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The first of his family to go to college, Anil Patel, the golden son, carries the weight of tradition and his family's expectations when he leaves his tiny Indian village to begin a medical residency in Dallas, Texas, at one of the busiest and most competitive hospitals in America. When his father dies, Anil becomes the de facto head of the Patel household and inherits the mantle of arbiter for all of the village's disputes. But he is uneasy with the custom, uncertain that he has the wisdom and courage demonstrated by his father and grandfather. His doubts are compounded by the difficulties he discovers in adjusting to a new culture and a new job - challenges that will shake his confidence in himself and his abilities.
Back home in India, Anil's closest childhood friend, Leena, struggles to adapt to her demanding new husband and relatives. Arranged by her parents, the marriage shatters Leena's romantic hopes and eventually forces her to make a desperate choice that will hold drastic repercussions for herself and her family. Though Anil and Leena struggle to come to terms with their identities thousands of miles apart, their lives eventually intersect once more - changing them both and the people they love forever.
Tender and bittersweet, The Golden Son illuminates the ambivalence of people caught between past and present, tradition and modernity, duty and choice; the push and pull of living in two cultures; and the painful decisions we must make to find our true selves.
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By Gillian on 01-28-16
4-Stars, But I'm Rounding Up...
I liked this book,liked it enough to listen to it 'cover-to-cover,' hence, the 4-stars. It has great characters, Gowda threw conflict after conflict in every chapter to keep you listening, and there was a neat sorta quirkiness and humor in it that added to its humanity.
Still, there was a certain intensity that was lacking that really only turned up in Leena, and quite honestly, only turned up toward the end. The characters, though given much to strive toward (Gowda is an expert plotter), don't have much passion, neither do they have many flaws. There are a few times when things turn dour for Anil, and he berates himself as he's "f*'d up," but I had to go back and re-listen to what happened only to wonder, "Really? Where? What?" It seems that the author wanted his characters to be likable so much so that he really didn't allow them to be human.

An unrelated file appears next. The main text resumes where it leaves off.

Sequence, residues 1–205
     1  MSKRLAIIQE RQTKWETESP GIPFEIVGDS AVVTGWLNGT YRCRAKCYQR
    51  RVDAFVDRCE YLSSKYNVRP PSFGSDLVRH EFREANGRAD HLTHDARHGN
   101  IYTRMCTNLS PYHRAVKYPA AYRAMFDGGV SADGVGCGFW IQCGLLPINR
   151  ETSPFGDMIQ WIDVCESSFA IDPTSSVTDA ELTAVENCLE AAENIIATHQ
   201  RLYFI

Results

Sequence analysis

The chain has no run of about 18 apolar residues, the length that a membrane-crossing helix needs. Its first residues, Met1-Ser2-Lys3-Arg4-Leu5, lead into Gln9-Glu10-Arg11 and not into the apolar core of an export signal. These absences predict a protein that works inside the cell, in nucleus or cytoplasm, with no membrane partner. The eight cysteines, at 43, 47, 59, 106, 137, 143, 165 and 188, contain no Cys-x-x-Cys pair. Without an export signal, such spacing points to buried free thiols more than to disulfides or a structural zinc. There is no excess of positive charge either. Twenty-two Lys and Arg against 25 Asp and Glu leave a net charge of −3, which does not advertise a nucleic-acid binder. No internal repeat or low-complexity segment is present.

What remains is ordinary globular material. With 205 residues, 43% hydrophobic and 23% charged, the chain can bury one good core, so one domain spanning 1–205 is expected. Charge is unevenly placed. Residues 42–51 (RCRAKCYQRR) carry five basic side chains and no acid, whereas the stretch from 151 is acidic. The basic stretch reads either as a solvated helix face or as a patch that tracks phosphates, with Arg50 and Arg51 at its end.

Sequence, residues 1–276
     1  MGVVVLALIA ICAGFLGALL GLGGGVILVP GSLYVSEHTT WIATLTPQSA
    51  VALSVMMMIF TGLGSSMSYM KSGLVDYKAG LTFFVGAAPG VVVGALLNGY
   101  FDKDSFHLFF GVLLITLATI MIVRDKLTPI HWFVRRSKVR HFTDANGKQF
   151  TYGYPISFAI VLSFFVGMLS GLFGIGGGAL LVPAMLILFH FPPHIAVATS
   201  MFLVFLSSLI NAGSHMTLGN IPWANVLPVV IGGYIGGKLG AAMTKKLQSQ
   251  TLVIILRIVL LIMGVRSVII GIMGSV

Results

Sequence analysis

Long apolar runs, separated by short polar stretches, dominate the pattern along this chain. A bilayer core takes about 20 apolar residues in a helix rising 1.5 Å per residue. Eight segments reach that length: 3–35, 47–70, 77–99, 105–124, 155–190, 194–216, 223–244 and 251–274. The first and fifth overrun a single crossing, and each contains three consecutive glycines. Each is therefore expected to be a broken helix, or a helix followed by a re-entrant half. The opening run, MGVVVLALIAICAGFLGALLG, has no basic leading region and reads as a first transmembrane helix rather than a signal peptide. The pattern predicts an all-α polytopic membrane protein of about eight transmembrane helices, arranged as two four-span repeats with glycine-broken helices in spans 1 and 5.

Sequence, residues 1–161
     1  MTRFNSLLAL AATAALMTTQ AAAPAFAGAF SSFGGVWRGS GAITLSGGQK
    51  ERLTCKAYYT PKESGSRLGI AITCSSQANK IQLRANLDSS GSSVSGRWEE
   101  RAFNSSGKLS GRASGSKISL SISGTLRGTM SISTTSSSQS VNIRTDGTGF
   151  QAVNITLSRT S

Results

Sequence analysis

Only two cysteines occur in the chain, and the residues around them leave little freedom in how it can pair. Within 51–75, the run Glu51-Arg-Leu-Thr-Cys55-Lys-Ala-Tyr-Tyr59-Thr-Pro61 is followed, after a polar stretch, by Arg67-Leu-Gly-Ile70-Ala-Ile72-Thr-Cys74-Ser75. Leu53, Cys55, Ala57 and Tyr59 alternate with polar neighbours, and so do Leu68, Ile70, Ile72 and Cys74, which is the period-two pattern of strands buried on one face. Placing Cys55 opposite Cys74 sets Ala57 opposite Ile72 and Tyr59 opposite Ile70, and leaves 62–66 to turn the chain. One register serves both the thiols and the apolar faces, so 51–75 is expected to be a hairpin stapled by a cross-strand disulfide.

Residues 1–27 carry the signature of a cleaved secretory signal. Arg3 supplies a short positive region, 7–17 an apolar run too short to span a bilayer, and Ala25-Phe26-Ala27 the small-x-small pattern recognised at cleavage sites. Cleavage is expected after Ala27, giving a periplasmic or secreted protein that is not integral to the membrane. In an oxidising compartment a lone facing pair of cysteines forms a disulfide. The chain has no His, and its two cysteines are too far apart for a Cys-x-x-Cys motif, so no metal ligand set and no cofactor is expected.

And there's this one other glitch, and I mention it only because it was an obvious turning point, that was an unevenly written bit of racially motivated violence that comes off as a total device of convenience that leaves the reader wondering: Now? But they've been together 14 months, and it's happening now?!?
Okay, I'll shut up. Off to the good things; The characters ARE likable, I love the way their formative experiences and relationships are written as children. The descriptive settings are great. There is no disorienting sense of ping-ponging between Anil and Leena's stories, though you are breathless to get back to each of them (like I said, conflict in each and every chapter). What I really appreciated was that there were no stereotypical, "Duh, fish outta water here," events for Anil in America when such a foreign culture could've provided the author with easy ways out.
There's really not much arbitration, but where there is, is greatly, greatly amusing. And the ending? Not what I hoped for, but what I loved and respect. What more can you ask of a writer?
This is a good book that could've used some editing, with some FANTASTIC narration (started off jarring, but OMG it kicked in!), that I think is well worth it. Maybe not cover-to-cover, I coulda had a nap in there, but worth the time :)
8 of 10 people found this review helpful